A TOUGHER sentence should have been given to dog killer James Cooper who walked free from court last week, according to the owner of one of the whippets he violently attacked.

Cooper, 23, of Severn Avenue, Greenmeadow, narrowly avoided an immediate jail term after admitting two counts of causing unnecessary suffering to two whippets.

Instead, he was handed a 24-week prison sentence suspended for two years.

Cooper, along with his girlfriend Katie Gardiner, had been looking after three-year-old Tinkerbelle in August last year for her mother Helen when he carried out a torrent of vicious attacks on the dog.

In the three weeks that followed Tinkerbelle’s weight also plummeted to 9.3kg.

Cooper told vets Tinkerbelle’s injuries, including multiple skin abrasions, were as a result of falling down the stairs.

Four further visits were made to different vets with different injuries including an ulcer injury to her left eye, a human bite wound to her ear and a severed tail, which has since had to be amputated.

Red flags were raised by staff at the Vets Klinic after the injures did not match up with the stories Cooper told them, prompting them to call the RSPCA.

An investigation was launched and Cooper was told he would be prosecuted for inflicting the injuries. Charges against Katie Gardiner were dropped.

But now Katie’s mother Helen, who has lost all contact with her daughter since the case was opened, believes Cooper should have been jailed for not only beating Tinkerbelle but also killing six-year-old Millie, who was part of the same family, just months later.

Following the breakdown of Helen’s relationship, Millie stayed with Helen’s ex-partner, Carly Young.

Helen, 49, said: “Tinkerbelle had been to the vets five times and when I was called by the RSPCA, they didn’t know if she was going to make it through the night.

“It was when they scanned her microchip that my details came up and that’s why they contacted me while I was away.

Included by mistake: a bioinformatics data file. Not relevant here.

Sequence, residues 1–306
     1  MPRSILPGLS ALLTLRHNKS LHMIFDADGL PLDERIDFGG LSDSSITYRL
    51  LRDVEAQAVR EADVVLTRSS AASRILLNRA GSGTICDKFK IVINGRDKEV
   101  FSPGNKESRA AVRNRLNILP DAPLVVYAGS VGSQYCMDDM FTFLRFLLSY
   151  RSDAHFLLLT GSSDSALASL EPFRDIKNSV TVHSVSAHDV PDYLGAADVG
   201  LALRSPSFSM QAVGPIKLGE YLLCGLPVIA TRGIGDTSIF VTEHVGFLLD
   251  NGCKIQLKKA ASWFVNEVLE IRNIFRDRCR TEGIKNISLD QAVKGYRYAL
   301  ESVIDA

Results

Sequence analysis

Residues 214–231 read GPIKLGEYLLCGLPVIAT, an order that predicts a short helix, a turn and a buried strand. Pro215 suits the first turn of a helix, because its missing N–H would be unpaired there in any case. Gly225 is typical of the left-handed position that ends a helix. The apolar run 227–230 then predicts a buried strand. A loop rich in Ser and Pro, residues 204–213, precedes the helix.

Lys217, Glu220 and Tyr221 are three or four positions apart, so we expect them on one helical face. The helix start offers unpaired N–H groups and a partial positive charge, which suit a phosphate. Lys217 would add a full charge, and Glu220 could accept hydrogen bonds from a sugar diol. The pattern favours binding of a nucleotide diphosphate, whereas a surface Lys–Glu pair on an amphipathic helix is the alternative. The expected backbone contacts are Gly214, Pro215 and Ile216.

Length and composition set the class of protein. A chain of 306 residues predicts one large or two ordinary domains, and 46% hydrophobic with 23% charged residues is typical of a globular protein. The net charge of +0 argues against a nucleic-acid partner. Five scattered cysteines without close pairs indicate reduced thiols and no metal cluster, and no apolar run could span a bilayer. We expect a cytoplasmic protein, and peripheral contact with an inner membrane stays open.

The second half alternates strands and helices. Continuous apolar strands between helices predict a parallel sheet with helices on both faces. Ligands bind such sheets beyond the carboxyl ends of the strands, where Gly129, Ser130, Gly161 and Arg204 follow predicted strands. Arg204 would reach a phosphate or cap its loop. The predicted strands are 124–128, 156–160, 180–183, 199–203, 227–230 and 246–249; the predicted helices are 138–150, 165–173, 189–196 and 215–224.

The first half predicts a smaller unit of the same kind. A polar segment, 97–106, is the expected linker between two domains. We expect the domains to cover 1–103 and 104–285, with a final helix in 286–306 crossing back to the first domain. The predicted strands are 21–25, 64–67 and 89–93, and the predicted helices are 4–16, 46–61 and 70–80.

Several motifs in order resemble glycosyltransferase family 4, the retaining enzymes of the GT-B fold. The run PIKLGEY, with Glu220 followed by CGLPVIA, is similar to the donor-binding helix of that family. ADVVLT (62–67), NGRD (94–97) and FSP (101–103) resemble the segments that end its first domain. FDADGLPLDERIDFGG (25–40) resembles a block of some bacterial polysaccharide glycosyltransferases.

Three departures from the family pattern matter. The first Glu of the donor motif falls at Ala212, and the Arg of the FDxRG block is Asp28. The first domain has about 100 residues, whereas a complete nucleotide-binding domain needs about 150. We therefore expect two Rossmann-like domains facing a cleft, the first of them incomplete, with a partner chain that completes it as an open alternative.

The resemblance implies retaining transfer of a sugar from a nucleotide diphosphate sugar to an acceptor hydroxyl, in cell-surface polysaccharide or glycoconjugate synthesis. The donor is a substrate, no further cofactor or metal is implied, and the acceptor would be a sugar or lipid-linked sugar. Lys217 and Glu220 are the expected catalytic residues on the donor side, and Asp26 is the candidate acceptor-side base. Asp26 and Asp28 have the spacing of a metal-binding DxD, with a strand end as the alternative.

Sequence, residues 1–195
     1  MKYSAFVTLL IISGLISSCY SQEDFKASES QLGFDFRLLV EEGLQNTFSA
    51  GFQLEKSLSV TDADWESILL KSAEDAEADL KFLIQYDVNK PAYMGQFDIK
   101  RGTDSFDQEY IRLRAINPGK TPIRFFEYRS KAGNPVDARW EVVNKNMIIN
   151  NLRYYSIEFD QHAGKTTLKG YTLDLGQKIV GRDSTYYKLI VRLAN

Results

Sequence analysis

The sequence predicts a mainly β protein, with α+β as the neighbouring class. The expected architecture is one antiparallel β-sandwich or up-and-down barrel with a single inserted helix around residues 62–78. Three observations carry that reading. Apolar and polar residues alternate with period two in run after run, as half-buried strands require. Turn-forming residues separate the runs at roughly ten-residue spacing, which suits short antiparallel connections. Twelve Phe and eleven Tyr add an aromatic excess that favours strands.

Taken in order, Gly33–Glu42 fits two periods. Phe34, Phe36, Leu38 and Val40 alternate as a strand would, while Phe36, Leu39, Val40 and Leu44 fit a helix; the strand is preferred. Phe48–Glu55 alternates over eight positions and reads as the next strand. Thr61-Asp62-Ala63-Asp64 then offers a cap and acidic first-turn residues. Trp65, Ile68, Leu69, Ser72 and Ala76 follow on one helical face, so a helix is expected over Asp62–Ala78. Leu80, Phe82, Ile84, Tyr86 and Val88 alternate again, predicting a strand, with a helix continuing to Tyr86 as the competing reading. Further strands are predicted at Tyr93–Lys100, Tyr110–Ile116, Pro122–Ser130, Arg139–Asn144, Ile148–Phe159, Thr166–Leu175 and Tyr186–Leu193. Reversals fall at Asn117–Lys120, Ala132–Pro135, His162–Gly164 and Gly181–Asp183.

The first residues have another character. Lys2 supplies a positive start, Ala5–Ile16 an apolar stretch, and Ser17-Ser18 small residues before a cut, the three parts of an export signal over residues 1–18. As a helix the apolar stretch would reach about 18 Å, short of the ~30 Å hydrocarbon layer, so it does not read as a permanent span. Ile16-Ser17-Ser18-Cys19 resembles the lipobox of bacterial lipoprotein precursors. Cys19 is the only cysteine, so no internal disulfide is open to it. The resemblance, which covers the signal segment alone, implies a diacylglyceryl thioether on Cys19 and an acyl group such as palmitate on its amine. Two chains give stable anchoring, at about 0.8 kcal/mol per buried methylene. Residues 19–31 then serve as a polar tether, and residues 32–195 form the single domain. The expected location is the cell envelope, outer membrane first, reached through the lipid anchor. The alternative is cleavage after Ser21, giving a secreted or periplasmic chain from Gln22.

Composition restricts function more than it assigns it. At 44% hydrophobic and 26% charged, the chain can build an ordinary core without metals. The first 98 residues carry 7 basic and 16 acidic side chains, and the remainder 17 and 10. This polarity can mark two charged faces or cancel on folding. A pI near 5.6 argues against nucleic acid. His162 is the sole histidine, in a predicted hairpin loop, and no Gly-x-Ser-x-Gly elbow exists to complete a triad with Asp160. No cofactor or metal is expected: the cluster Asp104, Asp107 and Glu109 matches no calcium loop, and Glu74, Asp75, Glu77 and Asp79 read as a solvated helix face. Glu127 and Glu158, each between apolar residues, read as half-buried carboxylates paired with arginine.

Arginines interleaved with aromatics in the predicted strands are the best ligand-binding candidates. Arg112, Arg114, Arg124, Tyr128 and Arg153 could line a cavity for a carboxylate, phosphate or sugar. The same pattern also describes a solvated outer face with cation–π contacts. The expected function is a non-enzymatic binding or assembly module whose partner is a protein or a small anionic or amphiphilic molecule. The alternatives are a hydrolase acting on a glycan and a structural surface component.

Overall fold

“She is lucky to be alive and now because of everything that has happened, her pet insurance has become very expensive.

“It is no fault of hers or mine, but we are the ones who are suffering from it.

“The reason she nearly died was that if you felt her, her body, especially near her ribs, sounded like like bubble wrap because of the fractures.

“She still has issues. Her wounds might have healed but she will always be emotionally scarred.

“I think the sentence he got looks like a slap on the wrists.”

It was while awaiting a trial date that Cooper carried out the attacks on Millie in May, which Helen reported to the RSPCA.

Reasons given in court for not sending him into immediate custody was that the 23-year-old had been bullied at school, suffered with depression and anxiety and found it difficult to stand up for himself.

District judge Simon Cooper said: “I have come to the decision an immediate prison sentence would utterly destroy you.

“What you did was vicious and savage but little would be achieved in the long run by sending you into custody.”

But after posting her story online, Helen has been inundated with messages of support from fellow dog owners – with many starting a petition calling for a tougher sentence and one that would see the attacker jailed immediately.

“Tinkerbelle has been totally different since it happened,” Helen said.

“She is always frightened and when she first got back, she didn’t want to walk up or down the stairs, so I had to carry her.

“She was starving and I couldn’t feed her enough, all the time she wanted food.

“There needs to be something in place that all dogs are scanned for their microchip when they go to the vets and there should be shared information. If that happened, then they would have been able to tell that Tinkerbelle had been to many other vets before.

“Now she is like my shadow and she is right by my side all the time.

“She used to be really playful and happy.

“Most people have been bullied or been depressed or had anxiety and most people have never beaten an animal and killed it so I don’t think it was fair to use that as an excuse.”